For the first time in recent memory, an unused lot in Downtown Pittsburgh is being transformed into a one-night-only Night Market, giving city residents one more reason to venture to (or stay in) the Golden Triangle after work. The Night Market, which takes places this Friday from 8 p.m. to 1 a.m. will feature music by DJ Soy Sos, independent vendors of jewelry, art, and crafts, and food from a variety of local eateries.
Jeremy Waldrup, president of the Pittsburgh Downtown Partnership,
says his organization created this event in order to showcase this particular stretch of Liberty Avenue as a block filled with activity, including a variety of bars and restaurants, and the August Wilson Center.
“By providing individuals with another reason to come to this street we hope to encourage more folks to mill around downtown and see what opportunities there are to experience,” Waldrup says.
At Friday’s market (located at 917-919 Liberty Avenue), the restaurant Meat & Potatoes will offer a preview of food from its new concept, Pork & Beans, which is expected to open later this fall. And Conflict Kitchen, which is set to open Downtown in the coming months, will also be serving food.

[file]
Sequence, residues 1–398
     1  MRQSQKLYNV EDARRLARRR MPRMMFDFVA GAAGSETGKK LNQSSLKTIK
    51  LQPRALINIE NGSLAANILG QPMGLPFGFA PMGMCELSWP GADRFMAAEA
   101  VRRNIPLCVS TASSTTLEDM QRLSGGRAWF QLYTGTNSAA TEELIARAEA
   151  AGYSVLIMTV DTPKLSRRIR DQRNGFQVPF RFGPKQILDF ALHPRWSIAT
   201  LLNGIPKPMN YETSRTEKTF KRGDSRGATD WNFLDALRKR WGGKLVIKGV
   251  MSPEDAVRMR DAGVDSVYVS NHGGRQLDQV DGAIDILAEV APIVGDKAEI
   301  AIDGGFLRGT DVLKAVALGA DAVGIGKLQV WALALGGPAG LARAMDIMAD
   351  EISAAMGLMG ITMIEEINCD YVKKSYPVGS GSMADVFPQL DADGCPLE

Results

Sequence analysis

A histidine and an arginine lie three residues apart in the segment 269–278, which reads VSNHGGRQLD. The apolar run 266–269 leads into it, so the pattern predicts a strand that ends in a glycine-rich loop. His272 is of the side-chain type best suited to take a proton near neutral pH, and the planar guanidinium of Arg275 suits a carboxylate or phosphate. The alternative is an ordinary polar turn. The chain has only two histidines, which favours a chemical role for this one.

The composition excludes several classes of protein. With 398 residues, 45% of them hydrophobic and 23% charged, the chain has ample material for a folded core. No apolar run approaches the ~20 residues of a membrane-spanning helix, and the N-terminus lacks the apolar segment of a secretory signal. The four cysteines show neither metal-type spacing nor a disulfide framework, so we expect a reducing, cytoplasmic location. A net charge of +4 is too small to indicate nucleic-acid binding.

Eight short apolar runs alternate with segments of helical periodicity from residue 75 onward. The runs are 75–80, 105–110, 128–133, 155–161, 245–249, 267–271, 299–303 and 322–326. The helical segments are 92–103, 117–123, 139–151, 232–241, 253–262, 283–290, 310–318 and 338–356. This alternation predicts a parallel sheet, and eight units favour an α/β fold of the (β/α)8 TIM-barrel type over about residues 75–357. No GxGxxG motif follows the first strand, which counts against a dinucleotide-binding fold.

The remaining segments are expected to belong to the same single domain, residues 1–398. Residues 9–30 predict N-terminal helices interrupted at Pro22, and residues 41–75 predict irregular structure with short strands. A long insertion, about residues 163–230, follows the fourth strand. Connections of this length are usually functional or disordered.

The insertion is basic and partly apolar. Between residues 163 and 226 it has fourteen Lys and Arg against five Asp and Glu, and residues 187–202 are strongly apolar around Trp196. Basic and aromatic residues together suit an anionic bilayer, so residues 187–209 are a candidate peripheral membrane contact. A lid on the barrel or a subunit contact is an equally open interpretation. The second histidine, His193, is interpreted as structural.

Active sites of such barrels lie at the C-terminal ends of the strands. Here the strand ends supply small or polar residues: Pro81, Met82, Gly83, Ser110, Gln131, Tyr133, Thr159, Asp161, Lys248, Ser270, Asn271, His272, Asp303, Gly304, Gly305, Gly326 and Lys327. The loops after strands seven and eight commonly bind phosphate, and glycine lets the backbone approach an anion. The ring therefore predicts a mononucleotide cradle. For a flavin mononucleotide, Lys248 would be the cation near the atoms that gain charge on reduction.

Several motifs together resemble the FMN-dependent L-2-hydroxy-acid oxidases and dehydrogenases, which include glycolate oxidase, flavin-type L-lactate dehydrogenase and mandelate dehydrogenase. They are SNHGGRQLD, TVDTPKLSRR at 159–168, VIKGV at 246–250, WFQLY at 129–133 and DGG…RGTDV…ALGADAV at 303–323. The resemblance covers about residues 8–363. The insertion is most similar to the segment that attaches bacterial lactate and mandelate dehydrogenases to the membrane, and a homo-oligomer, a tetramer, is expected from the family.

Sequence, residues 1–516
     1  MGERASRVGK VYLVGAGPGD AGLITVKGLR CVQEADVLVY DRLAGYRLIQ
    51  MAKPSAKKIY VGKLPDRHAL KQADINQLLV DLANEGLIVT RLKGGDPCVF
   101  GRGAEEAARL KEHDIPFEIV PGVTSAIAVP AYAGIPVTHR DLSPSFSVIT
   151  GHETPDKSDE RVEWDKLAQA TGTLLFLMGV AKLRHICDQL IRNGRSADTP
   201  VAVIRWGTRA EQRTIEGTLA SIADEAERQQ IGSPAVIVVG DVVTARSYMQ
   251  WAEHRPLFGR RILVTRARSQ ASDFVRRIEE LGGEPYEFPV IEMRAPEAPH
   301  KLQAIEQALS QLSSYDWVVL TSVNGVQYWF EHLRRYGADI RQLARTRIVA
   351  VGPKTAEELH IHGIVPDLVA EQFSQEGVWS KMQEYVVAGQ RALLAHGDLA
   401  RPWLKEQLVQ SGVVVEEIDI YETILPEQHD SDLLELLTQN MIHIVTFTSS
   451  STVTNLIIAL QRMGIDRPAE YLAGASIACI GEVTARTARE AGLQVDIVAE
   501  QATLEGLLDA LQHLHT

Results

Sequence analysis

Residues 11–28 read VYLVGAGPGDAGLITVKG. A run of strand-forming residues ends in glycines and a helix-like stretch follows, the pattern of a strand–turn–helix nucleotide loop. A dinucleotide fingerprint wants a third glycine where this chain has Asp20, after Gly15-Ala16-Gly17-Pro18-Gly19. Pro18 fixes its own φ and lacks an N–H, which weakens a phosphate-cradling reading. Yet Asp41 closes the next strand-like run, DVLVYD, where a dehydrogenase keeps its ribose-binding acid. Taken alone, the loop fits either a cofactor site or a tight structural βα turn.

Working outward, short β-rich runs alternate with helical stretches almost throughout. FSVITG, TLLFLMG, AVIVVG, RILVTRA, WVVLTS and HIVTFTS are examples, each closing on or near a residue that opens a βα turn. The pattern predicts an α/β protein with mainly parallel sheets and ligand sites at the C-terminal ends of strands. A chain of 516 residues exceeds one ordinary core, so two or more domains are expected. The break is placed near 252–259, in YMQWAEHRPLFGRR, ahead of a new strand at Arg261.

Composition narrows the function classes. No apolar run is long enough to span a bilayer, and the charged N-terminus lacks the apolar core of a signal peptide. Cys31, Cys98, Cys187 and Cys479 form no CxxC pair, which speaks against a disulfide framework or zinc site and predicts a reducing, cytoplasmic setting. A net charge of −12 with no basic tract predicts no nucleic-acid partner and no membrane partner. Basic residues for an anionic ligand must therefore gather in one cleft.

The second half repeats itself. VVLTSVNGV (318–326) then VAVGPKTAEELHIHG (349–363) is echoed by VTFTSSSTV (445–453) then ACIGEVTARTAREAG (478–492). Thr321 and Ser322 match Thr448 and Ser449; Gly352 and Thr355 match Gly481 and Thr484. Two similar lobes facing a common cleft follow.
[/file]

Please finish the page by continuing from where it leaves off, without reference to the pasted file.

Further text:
Among the 15 independent vendors will be Tugboat Printshop and Devorah Naturals. And café tables and chairs will be set up at the Night Market to encourage guests to linger in the space.
This Friday is also the Pittsburgh Cultural Trust’s Gallery Crawl,
which begins at 5:30 p.m.
“It should fit very well into the [Gallery Crawl] with people exploring that area,” says Ida D’Errico, of PDP.
D'Errico says this is the only Night Market currently planned, but based on the event’s success there could be more in the future.
“Pittsburgh enjoys various markets and our outdoor plazas, and so potentially this could expand into another location at some future point in time,” she says.
The Night Market is the latest endeavor to come from the Project Pop Up Program, a partnership between Mayor Ravenstahl, the URA, City Planning, and the PDP.
Writer: Andrew Moore
Source: Jeremy Waldrup, Ida D’Errico